Tuesday

17th Sep 2019

Analysis

Erdogan gambles and wins

  • The AKP shifted the emphasis in its campaign to the choice between stability and chaos (Photo: Travel Aficionado)

Nobody in Turkey expected the ruling Justice and Development Party (AKP) to win that big in Sunday's parliamentary elections.

With 49 percent of the votes and a majority of seats in the parliament, the conservative AKP will again be able to rule single-handedly. Of the three opposition parties, the seculars stabilised, the nationalists lost a fourth of their voters and the Kurds barely managed to surpass the electoral threshold.

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It is a stunning victory that has left many wondering how Mr Erdogan and his party were able to change the political momentum that had seemingly turned against them only a few months ago.

In June, the party, officially led by Prime Minister Ahmet Davutoglu but still, behind the scenes, controlled by President Recep Tayyip Erdogan, lost its majority in parliament.

For the first time since 2002, the AKP was not able to form a single-party government.

The loss of almost 10 percent was seen as a clear signal of dissatisfied voters, fed up with Erdogan's growing authoritarianism and firmly opposed to his plan to change the constitution and install an all-powerful presidency.

Kurdish policy

In June, the AKP was also punished for its ambiguous Kurdish policy. Nationalist voters left the party because they were unhappy with the talks between the government and the outlawed PKK.

On the other hand, many conservative Kurds did not believe Erdogan anymore because he did not deliver on his promises. They voted for the Kurdish nationalist HDP that, for the first time and with the help of liberals and leftists, managed to get over the 10 percent electoral threshold.

Hopes were high that AKP, obliged to form a coalition government, would loosen its iron grip on Turkish politics and society, and that Erdogan would be forced to respect the constitutional limits to his position and would not be able to interfere in daily politics anymore.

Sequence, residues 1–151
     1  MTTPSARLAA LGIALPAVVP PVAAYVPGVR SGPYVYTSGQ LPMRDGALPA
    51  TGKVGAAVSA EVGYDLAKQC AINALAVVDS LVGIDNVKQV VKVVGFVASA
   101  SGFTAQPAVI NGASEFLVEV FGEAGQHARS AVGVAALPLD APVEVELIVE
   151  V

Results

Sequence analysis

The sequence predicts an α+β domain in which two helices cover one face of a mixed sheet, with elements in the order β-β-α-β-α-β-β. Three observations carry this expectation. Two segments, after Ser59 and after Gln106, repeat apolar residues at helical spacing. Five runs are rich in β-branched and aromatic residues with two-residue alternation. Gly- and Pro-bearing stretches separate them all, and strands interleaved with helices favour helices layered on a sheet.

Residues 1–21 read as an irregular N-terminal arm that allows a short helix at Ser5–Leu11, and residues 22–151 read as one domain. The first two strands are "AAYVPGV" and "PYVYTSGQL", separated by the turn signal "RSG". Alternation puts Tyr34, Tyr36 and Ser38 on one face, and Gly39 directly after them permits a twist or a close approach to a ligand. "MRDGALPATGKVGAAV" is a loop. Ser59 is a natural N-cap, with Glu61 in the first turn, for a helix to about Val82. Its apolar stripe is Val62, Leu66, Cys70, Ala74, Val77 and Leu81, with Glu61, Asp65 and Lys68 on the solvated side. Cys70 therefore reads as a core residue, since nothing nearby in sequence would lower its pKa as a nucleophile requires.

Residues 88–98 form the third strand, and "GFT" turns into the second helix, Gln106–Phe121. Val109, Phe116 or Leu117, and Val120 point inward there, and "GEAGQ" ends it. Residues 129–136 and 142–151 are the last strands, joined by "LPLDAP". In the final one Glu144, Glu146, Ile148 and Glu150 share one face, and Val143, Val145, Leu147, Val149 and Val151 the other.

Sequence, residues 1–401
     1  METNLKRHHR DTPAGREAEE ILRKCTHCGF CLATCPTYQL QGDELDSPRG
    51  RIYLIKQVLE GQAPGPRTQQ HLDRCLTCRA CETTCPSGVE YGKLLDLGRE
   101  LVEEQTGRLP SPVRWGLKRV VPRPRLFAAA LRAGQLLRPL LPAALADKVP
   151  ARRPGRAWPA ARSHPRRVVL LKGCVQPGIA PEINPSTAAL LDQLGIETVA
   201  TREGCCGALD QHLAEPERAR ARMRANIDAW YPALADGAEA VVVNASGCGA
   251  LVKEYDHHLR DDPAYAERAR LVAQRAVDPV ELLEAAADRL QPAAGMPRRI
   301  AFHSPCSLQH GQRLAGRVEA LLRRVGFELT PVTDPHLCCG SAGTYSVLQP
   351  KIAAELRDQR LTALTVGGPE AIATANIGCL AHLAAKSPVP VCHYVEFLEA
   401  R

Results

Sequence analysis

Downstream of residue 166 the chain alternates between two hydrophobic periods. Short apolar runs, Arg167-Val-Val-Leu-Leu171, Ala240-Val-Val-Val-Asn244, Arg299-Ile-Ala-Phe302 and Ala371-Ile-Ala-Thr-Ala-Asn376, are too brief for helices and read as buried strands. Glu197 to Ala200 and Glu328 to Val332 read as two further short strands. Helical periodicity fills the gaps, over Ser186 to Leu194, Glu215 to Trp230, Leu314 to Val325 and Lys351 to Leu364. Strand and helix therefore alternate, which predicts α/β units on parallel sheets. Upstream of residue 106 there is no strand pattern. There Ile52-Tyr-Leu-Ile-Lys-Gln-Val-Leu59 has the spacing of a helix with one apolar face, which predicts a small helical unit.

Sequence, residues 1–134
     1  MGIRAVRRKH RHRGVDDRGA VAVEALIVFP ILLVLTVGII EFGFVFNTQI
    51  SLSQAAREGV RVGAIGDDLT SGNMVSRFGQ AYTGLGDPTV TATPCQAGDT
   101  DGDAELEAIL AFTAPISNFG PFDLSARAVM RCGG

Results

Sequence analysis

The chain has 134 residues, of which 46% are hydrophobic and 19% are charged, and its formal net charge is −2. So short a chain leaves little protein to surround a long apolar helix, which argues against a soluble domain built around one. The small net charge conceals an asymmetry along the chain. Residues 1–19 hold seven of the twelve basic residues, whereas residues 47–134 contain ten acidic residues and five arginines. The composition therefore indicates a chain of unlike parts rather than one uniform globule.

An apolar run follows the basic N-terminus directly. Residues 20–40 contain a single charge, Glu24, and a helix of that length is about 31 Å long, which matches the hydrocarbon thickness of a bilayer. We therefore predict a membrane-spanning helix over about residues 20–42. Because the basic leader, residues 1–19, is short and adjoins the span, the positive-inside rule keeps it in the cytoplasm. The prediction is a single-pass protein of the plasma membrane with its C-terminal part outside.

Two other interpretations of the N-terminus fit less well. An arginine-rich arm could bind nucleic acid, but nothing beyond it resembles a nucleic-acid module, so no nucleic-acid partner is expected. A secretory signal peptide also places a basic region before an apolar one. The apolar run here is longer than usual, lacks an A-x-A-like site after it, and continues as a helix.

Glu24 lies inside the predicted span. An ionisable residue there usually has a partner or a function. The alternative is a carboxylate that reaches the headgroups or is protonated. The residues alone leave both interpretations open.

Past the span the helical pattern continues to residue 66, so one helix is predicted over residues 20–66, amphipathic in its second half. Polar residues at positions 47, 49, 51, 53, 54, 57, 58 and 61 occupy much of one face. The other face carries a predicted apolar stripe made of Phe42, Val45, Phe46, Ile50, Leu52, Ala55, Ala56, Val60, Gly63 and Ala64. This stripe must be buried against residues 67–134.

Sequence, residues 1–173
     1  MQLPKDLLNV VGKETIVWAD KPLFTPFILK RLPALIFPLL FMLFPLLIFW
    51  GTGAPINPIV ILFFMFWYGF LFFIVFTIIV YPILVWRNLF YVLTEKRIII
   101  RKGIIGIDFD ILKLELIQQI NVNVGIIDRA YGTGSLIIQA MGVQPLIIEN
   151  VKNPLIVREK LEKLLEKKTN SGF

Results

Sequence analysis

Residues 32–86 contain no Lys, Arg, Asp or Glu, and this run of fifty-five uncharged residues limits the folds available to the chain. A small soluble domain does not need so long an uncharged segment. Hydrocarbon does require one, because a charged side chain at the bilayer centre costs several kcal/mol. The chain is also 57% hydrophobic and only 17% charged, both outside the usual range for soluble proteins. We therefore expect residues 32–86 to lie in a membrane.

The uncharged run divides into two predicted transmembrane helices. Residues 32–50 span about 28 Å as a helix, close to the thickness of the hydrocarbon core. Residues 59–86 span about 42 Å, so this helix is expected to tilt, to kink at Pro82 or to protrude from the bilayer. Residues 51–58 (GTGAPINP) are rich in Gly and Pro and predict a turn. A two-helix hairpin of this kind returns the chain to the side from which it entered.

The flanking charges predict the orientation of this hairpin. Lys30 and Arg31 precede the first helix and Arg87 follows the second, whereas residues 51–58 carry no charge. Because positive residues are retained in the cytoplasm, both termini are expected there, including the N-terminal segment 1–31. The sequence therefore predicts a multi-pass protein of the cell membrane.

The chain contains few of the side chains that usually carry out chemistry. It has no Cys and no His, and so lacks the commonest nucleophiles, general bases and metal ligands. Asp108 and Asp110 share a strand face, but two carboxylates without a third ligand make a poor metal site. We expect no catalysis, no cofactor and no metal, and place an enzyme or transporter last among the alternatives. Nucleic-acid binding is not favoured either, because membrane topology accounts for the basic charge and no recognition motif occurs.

With the HDP in parliament, there was the expectation that, finally, Turkey's Kurdish problem could be solved. It did not happen.

Instead, coalition talks went nowhere.

From the start, it was clear Mr Erdogan preferred new elections. Fights between the PKK and the Turkish security forces started again, putting the HDP in an awkward position, under attack from two sides.

Erdogan and the government accused them of close ties to the terrorists while the hardliners on the Kurdish side tried to push back the role of the elected politicians and reestablish their dominance.

Two devastating suicide bombings by Islamist State sympathisers in July and October that killed almost 150 people created an atmosphere of tension and fear in the country.

The growing instability sent the Turkish lira down, underlining the structural problems faced by the Turkish economy.

Stability or chaos

The AKP quickly learned the lesson from the June elections and shifted the emphasis in its campaign for the November 1 elections from the unpopular presidential system to the choice between stability and chaos.

Polls indicated that tactic would not work and most people expected the outcome of this elections to be the same as in June.

What happened, however, was that many of the voters that abandoned the AKP in June returned.

Nationalist voters appreciated the party's nationalist rhetoric and punished the nationalist party leader for his obstructionist behavior.

Conservative Kurds were fed up with the new round of PKK violence and blamed the HDP for it. Most floating voters opted for the stability offered by the AKP.

The result is a deeply divided and polarised country that will again be ruled by Erdogan and his party. Many doubt whether the AKP will be able to deliver on its promise of stability.

Erdogan will not get his presidential system - the AKP does not have enough seats to change the constitution on its own - but he will continue to act as the de facto dominating force that does not accept criticism or checks and balances on his power.

If Turkey keeps attacking both the PKK and IS, the violence will go on and the economy will continue to suffer.

Optimists hope that the urgent need to focus on the economy will force Erdogan and the AKP to soften their dividing tactics and look for a deal with the Kurds.

In the negotiations between the EU and Turkey about the Syrian refugees, Europe will be confronted with a confident partner who will only accept the first prize in return for more and better cooperation.

Joost Lagendijk is a former member of the European Parliament who lives in Turkey and is now a columnist for Turkish dailies Zaman and Today’s Zaman.

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